By Live Dr - Thu Feb 05, 12:02 pm
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Healthcare a call away
Washington: University of California researchers have developed a lens-free imaging technique small enough to fit in a mobile phone, which can be a boon in developing countries where healthcare is non existent.
The study outlines improvements in a technique known as LUCAS, or ‘lensless ultra-wide-field cell monitoring array,’ platform based on shadow imaging.
LUCAS technique demonstrated a method for quickly and accurately counting targeted cell types in a homogenous cell solution. Removing lens from the imaging process allows LUCAS
University of California, Los Angeles researchers have further refined LUCAS technique to be able to classify a significantly larger sample volume – up to 5 ml, up from a tenth of one ml – representing a major step toward portable medical diagnostic applications.
The research team, led by Aydogan Ozcan, assistant professor of electrical engineering at the UCLA Henry Samueli School of Engineering and Applied Science, includes postdoctoral scholar Sungkyu Seo, doctoral student Ting-Wei Su, master’s student Derek Tseng and undergraduate Anthony Erlinger.
Ozcan envisions people one day being able to draw a blood sample into a chip the size of a quarter, which could then be inserted into a LUCAS-equipped cell phone that would quickly identify and count the cells within the sample. The read-out could be sent wirelessly to a hospital for further analysis.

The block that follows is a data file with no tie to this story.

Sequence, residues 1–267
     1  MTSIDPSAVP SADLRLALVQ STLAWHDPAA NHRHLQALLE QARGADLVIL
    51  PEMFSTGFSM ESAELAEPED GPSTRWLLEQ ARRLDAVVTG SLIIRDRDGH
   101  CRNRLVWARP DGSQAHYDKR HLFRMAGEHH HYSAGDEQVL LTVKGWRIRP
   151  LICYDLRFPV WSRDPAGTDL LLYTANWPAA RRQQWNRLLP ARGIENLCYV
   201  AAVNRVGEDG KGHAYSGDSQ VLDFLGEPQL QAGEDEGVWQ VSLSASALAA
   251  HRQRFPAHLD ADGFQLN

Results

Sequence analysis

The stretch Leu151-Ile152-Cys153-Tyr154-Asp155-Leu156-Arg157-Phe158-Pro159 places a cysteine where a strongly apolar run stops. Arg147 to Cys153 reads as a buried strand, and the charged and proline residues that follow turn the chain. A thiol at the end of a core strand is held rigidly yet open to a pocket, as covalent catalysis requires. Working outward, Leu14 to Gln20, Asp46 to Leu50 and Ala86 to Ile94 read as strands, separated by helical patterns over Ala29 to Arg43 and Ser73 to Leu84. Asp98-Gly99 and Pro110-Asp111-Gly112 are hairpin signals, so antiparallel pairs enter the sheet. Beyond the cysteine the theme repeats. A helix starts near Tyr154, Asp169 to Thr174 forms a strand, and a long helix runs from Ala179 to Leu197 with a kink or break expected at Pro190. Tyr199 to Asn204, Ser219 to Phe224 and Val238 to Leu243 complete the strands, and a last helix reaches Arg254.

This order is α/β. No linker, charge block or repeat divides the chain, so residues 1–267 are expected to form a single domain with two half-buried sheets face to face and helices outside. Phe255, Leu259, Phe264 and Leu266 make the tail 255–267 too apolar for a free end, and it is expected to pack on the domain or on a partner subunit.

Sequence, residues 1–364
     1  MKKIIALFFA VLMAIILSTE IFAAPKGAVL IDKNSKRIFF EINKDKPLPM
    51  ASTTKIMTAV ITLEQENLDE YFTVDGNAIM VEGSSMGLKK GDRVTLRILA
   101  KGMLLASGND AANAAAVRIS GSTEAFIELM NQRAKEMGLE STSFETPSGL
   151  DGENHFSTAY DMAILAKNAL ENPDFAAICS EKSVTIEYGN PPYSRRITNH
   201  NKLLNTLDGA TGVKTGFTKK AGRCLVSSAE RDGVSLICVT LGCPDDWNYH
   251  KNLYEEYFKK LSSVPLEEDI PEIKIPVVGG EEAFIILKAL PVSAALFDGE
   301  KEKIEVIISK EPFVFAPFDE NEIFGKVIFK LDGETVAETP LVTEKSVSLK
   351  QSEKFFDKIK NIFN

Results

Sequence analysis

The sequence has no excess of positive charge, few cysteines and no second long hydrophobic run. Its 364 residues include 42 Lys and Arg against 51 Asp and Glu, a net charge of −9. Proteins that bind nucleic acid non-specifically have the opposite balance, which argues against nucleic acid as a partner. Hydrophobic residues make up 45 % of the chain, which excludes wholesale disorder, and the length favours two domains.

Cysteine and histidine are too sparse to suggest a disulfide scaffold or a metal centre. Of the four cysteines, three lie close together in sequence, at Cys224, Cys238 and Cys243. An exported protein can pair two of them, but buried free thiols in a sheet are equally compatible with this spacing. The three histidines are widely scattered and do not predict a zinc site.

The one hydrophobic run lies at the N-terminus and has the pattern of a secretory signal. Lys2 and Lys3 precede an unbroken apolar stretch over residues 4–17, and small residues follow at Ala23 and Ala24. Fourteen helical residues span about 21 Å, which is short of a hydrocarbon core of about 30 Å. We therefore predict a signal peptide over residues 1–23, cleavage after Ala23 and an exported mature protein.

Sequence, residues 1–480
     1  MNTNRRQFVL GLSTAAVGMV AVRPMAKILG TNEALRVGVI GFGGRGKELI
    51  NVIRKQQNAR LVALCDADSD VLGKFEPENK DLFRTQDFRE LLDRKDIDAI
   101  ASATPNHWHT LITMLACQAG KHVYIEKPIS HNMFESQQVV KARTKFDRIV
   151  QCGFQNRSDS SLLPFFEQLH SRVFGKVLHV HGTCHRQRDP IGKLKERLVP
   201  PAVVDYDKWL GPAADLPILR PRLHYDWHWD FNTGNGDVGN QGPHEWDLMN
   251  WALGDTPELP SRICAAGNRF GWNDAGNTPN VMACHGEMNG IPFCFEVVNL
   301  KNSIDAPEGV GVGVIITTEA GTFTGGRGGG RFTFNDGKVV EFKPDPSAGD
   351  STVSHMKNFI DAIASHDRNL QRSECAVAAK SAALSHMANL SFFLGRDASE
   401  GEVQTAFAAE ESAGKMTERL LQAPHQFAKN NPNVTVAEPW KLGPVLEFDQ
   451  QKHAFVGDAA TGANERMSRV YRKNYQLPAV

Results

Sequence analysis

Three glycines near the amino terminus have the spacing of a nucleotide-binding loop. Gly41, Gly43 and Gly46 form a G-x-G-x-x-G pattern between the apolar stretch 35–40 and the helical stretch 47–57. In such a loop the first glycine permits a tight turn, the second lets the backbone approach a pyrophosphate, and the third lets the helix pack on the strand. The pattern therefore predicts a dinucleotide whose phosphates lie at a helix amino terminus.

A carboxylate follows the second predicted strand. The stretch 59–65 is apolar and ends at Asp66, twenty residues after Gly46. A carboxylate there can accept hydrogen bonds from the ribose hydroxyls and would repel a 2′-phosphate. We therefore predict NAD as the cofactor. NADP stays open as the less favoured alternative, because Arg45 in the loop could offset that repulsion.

These findings will be published in the quarterly Cellular and Molecular Bioengineering and is currently available online.
Source: Indo-Asian News Service
Mobile use leads to road accidents
Toronto: Canadian doctors have warned that using cell phone while driving adversely affects the brain’s capacity to identify the danger, its visual concentration, the speed to process information and hence its reaction time.
Basing their research on various studies from around the world, the Ontario Medical Association (OMA) doctors here say that there is a strong link between mobile use by drivers and road accidents around the world.
Their research points out that mobile use by drivers automatically led to a big reduction in their functional field of view, decreased safe distance between vehicles and slowed their brake reaction time. The use of mobile slowed the drivers’ response time to traffic light changes, 15 percent less response to traffic lights, and slowed braking by 18 percent.
Further, the use of mobile by the drivers reduced their visual monitoring of mirrors and instruments, with some abandoning them entirely. It also led to fewer glances at traffic lights and an increased tendency for hard braking.
“The evidence is clear that driving while using a mobile phone is dangerous to the driver, their passengers and others on or near the roadway,” said Ken Arnold, president of the OMA.
“Too many drivers treat talking on a phone while driving as a harmless practice.it’s not an easy prescription to give, but this practice has to be curtailed,” he said.
Arnold added, “`Doctors know all too well the consequences of driving while distracted and it is time that the right steps are taken to ensure the safety” of people.
Some states in America, Australia and many European countries have banned the use of cell phone while driving. In Canada, only four of the 10 provinces have put restrictions on the use of cell phones by drivers.
Since Ontario, which has more than 40 percent of the total Canadian population of 33 million, has no such laws to ban the practice, doctors have called for a legislation to discourage this habit.
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